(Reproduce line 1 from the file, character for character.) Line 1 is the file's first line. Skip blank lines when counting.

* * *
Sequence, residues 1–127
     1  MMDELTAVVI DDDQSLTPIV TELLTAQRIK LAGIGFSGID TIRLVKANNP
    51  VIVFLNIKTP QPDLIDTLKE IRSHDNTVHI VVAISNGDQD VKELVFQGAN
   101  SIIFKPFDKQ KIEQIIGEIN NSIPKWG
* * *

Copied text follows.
Sequence, residues 1–127